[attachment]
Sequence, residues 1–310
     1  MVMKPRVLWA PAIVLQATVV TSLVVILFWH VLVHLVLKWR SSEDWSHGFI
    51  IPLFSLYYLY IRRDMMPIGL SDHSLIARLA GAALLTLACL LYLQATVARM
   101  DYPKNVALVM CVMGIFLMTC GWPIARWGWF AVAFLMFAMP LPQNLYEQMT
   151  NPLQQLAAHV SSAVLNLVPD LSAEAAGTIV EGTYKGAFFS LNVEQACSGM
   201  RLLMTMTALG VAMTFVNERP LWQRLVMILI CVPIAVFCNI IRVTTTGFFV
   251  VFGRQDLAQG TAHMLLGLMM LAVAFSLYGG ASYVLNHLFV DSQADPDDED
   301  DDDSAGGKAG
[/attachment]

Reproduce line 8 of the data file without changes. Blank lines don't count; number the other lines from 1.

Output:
   301  DDDSAGGKAG